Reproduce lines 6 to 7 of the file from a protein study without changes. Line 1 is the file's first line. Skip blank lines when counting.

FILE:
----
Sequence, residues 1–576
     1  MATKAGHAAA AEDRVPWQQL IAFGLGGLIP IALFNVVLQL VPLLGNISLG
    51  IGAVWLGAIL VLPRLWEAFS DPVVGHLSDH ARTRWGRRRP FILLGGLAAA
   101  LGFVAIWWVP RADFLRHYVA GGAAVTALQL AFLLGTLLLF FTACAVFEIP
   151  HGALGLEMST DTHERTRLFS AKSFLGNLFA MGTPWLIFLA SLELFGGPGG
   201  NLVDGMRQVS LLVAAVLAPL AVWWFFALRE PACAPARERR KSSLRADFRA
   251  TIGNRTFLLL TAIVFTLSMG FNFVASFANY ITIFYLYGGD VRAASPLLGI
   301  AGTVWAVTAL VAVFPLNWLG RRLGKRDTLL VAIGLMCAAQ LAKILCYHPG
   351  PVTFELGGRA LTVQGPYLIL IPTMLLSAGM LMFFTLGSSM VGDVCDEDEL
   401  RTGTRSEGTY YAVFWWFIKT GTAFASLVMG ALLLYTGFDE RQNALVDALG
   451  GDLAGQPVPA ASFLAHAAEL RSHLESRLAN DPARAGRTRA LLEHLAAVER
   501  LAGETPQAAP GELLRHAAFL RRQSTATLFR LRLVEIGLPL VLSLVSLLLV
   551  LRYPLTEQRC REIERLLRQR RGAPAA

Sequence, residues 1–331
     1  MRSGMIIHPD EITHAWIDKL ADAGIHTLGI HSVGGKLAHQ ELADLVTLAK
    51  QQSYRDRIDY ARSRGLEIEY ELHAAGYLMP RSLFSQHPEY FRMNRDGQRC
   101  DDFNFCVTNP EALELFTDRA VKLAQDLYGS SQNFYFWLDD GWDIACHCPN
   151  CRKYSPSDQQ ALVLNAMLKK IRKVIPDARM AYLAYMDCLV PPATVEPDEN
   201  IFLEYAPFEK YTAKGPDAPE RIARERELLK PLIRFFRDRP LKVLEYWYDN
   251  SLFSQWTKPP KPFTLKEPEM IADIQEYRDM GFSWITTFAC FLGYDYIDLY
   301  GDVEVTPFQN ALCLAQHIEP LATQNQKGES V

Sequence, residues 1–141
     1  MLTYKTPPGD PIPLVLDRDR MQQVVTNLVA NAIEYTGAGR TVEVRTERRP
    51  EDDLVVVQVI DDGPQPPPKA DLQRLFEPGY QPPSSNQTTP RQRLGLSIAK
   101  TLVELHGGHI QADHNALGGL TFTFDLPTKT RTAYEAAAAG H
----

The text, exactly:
   201  NLVDGMRQVS LLVAAVLAPL AVWWFFALRE PACAPARERR KSSLRADFRA
   251  TIGNRTFLLL TAIVFTLSMG FNFVASFANY ITIFYLYGGD VRAASPLLGI